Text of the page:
The Weekly Newspaper serving the citizens of Morenci, Mich., Fayette, Ohio, and surrounding areas.

  • Front.cheers
    MACEE BEERS joins other Fayette Elementary School students for the annual Mini-Cheer performance during the half-time break at the basketball game.
  • Family.3.wide
    CHILDREN at Stair District Library’s Family Story Time toss scarves into the air during an activity. The evening program provided a mix of stories, songs, dancing, crafts and snacks Monday evening. The program is offered at 5:30 p.m. every Monday for five more weeks. The program is designed for three to five year olds and their family.
  • Front.newpaper.2
    THE INTERVIEW—Evelyn Joughin (right) records the interaction with an iPad while Jack Varga, next to her, asks questions of Morenci Elementary School principal Gail Frey. Morenci senior Sam Cool (standing) listens. Cool serves as the editor for the newspaper written by members of Mrs. Barrett’s second grade class.
  • Front.code.2
    WRITING CODE—Brock Christle (left), a Morenci fifth grade student, takes a look at the progress being made by fourth grader Anthony Lewis. Libby Rorick, a sixth grade student, is next in a line of girls trying out the coding tutorials. This year marked Morenci’s second year of participation in the Hour of Code project.
  • Front.gym.new
    REMIE RYAN (left) tries to dodge the foam wand held by Hayden Bays during physical education class at Morenci Elementary School. In the background, Lauryn Dominique and Brooklyn Williams stay clear of the tag. Second grade students were working on cardiovascular health on the first day back from vacation. For the record, Safety Tag is a very difficult sport to photograph.
  • Front.lift
    MORENCI student Dalton McCowan puts everything into a dead lift attempt Saturday morning during the Wyseguy Push/Pull event. Lifters helped raise more than $1,600 for the family of the late Devin Wyse, a former Morenci power-lifter who graduated last year. Commemorative T-shirts are still available by contacting teacher Dan Hoffman.
  • Front.library.books
    MACK DICKSON takes a book off the “blind date” cart at the Fayette library. Patrons can choose a book without knowing what’s inside other than a general category. The books are among those designated for removal so patrons can consider them gifts. In Morenci, new books and staff favorites were chosen from the stacks and must be returned. Patrons get a piece of chocolate, too, to take on their date, but no clue about their “date.” One reader said she really enjoyed her book for a few pages, but then lost interest—so typical for a blind date.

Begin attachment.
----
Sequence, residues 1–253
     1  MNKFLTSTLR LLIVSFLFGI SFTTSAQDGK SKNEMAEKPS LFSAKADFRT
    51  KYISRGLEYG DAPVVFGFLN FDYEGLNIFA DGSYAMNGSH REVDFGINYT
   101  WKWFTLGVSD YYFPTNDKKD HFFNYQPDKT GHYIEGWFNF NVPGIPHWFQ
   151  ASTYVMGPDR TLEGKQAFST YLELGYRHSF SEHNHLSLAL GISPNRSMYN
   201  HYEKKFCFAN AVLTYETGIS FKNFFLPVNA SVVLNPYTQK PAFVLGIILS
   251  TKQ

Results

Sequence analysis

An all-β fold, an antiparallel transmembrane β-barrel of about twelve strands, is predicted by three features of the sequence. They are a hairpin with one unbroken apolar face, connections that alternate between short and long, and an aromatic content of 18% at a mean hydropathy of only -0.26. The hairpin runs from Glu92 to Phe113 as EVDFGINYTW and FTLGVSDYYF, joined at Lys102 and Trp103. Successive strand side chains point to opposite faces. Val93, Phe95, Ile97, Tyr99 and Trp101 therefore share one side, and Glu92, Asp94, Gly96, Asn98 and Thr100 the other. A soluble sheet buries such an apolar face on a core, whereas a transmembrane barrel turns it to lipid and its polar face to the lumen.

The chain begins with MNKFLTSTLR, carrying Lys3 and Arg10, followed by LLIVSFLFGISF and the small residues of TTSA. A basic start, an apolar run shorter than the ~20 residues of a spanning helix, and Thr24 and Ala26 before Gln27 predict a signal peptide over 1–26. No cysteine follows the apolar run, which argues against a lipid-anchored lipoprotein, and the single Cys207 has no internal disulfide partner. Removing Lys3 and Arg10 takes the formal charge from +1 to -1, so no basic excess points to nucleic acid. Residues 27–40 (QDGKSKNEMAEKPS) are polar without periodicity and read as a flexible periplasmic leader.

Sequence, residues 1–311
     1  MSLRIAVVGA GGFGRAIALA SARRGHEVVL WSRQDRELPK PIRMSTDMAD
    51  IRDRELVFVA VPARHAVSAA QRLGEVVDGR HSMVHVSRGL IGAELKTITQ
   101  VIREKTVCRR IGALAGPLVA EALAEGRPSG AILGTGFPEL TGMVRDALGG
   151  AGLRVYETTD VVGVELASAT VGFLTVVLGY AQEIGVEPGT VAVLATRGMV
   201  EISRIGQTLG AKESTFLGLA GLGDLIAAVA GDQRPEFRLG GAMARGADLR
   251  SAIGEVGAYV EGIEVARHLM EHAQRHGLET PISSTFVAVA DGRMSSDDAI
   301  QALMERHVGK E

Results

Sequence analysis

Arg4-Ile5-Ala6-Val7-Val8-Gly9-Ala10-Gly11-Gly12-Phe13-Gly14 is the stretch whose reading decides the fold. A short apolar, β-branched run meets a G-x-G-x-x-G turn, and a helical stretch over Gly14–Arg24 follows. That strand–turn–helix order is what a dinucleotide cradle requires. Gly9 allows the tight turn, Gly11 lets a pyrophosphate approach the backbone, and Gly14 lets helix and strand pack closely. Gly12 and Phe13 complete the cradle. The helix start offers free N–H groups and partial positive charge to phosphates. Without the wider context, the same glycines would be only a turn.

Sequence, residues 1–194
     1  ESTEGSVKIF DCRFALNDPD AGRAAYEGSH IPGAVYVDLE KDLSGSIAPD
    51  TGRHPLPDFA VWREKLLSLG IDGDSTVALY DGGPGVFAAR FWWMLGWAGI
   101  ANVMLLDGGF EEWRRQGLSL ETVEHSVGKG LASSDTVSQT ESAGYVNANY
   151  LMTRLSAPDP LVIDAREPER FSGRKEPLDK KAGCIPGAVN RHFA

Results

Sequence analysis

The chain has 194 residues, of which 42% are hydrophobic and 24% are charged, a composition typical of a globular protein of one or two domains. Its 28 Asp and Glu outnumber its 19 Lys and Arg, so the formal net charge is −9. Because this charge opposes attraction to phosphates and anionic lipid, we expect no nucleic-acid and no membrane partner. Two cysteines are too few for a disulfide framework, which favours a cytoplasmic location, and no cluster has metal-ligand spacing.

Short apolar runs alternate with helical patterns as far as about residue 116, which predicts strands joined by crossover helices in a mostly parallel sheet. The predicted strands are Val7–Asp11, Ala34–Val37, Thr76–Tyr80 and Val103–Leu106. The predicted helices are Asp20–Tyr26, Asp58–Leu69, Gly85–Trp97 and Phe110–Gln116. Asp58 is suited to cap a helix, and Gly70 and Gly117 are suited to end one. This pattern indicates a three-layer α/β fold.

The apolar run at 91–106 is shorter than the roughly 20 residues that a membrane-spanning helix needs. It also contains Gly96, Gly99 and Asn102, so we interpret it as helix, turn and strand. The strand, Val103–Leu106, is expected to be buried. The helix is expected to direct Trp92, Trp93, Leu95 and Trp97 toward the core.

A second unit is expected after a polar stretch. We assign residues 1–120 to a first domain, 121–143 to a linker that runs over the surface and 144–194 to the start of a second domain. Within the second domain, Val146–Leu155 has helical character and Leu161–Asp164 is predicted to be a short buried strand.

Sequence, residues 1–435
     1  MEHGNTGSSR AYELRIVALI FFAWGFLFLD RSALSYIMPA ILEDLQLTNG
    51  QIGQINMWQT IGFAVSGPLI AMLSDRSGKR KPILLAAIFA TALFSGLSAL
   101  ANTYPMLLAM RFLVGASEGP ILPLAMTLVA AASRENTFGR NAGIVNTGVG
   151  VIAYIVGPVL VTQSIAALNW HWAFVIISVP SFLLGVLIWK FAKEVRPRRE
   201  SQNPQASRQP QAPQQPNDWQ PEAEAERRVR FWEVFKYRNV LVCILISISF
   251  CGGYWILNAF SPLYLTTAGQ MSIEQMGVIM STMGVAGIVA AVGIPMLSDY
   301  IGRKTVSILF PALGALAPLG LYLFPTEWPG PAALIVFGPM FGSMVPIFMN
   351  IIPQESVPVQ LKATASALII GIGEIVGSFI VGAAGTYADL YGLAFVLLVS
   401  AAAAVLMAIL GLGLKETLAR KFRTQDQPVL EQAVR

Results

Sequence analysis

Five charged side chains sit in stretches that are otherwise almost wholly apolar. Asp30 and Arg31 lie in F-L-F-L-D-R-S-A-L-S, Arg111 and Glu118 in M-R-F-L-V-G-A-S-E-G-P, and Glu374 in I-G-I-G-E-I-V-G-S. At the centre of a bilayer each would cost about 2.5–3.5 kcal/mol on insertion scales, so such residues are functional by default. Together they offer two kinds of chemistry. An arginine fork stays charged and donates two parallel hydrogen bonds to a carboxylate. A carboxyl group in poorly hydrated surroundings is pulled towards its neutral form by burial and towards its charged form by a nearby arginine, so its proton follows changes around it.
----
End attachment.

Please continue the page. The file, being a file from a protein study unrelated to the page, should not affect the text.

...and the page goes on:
Fayette council discusses filling in pool 5.20.09

Written by David Green.

BY DAVID GREEN

Fayette’s community swimming pool won’t be open this summer due to maintenance problems, but it’s not going to be filled in and buried yet.

The Park Board presented village council with a proposal to fill in the pool to alleviate concerns about safety issues. Board members expressed worries that water will collect in the empty pool and could pose a hazard to children who might climb the fence.

“I don’t want to see them fill it in,” said council member Paul Shaffer. “Once it’s filed in, we’ll never get it back.”

Ruth Marlatt agreed, noting that some funds are already in place for repairing the structure.

Depending on how the pool were filled in, hazards might not be addressed, Ken Delphous said. It rocks were used along with sand or fill dirt, the situation could be more dangerous yet.

Interim mayor Craig Rower said that council agreed to a three-year period during which funding sources would be sought for repair or replacement. This summer marks the start of the second year.

Council voted unanimously, with Mike Maginn absent, to delay filling it in until three years had passed.

Councilor Jerry Gonzales added a dose of reality to the hopes for repair.

“That thing’s not going to be fixed,” he said. “Having sat on the park board, I know it’s going to require a new pool.”

ROAD—Village administrator Amy Metz filed an application for CDBG funding to widen Gamble Road from S. Fayette Street to the new school.

BRUSH—After examining labor costs from the previous three years, council’s Finance Committee recommends halting curbside brush pickup. Leaf collection will be evaluated in the fall.

DUMP TRUCK—Council voted to buy a 1997 Navistar dump truck from Gorham Township at a cost of $23,000. The village’s dump truck is requiring many expensive repairs, Gonzales said.

BAD CHECKS—Council heard the first reading of an ordinance that would establish writing checks with insufficient funds as a minor misdemeanor, with a fine not to exceed $150.

Police chief Jason Simon said, to his understanding, an existing ordinance did not get codified in a recent update. The proposed ordinance would adopt state law as a local law.

FLOOD PLAIN—Fulton County Regional Planning Commission director Steve Brown told council that new federal flood plain designations will be released in June.

The new maps can be placed over aerial maps to see where changes are occurring.

SEWER WORK—Bids for the next step in Fayette’s sewer work came in $3,000 below budget, Brown said. Marine Building Corp. of Maumee was the winning bidder.

GROWTH AREA—Brown suggested that council might want to expand its Urban Growth Area on the north side of the village to take advantage of electricity from Midwest Energy Cooperative. In turn, an area on the southwest side might want to be removed.

Any changes would be at council’s discretion, he said.

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